Dubai's stock market snapped a nine-day losing streak on Sunday that was triggered by Turkey's economic crisis, but trade was thinned drastically by the onset of Eid Al Adha holidays in the region. Egypt's bourse remained soft.
The Dubai index, which had dropped 5.9 per cent over the previous nine trading days, rebounded by 0.4 per cent in one of the lowest daily volumes this year.
Emirates NBD, which had plunged nearly 16 per cent because it is in the process of acquiring Turkey's Denizbank for $3.2 billion, climbed 2.3 per cent. Overall, 17 Dubai stocks rose and nine fell.
Abu Dhabi's index fell 0.5 per cent in thin trade. In contrast to most of the Gulf, the Abu Dhabi market has largely moved sideways since Turkey's financial crisis erupted, partly because lenders such as First Abu Dhabi Bank, which lost 0.7 per cent on Sunday, have relatively little exposure to Turkey.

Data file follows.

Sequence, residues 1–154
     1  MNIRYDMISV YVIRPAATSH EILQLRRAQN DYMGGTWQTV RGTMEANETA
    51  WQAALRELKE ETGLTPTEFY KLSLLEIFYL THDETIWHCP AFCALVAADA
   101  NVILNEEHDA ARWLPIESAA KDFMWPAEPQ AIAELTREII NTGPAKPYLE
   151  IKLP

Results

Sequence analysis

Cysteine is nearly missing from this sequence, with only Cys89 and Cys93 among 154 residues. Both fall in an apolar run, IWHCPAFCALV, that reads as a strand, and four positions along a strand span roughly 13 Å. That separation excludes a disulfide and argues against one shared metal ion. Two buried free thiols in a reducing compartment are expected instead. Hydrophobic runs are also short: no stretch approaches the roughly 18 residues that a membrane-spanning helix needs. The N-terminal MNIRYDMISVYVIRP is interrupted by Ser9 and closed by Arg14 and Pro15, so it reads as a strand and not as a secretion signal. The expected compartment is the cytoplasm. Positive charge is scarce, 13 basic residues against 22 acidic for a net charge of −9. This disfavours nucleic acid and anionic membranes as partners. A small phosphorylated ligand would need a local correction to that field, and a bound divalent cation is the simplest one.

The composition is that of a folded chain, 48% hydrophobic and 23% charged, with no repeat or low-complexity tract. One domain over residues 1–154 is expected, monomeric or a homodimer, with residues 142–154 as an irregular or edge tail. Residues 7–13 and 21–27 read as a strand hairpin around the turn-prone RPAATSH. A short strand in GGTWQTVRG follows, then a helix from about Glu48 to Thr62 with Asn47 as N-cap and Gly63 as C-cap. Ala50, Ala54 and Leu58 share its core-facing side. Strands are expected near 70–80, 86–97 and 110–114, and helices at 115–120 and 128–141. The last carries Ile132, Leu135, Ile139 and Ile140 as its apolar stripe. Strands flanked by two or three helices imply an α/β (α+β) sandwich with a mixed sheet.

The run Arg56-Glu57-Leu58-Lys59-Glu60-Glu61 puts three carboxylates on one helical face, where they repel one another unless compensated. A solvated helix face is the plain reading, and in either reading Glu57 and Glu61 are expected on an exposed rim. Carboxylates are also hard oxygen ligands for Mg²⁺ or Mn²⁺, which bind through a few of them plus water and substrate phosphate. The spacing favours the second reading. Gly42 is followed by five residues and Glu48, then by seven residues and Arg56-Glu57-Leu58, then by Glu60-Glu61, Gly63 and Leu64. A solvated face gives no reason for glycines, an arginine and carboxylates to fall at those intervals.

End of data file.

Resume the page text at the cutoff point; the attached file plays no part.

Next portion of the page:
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Many fund managers think Gulf bourses may ride out the Turkey crisis more comfortably than most emerging markets because of their currency pegs to the US dollar and this year's strength of oil prices, which has left most economies in the region with current account surpluses.
Dubai's Al Mal Capital said in a note, however, that even though Turkey was having a minimal fundamental impact on the Gulf, it had raised its allocations to cash to 10 per cent because of the global uncertainty.
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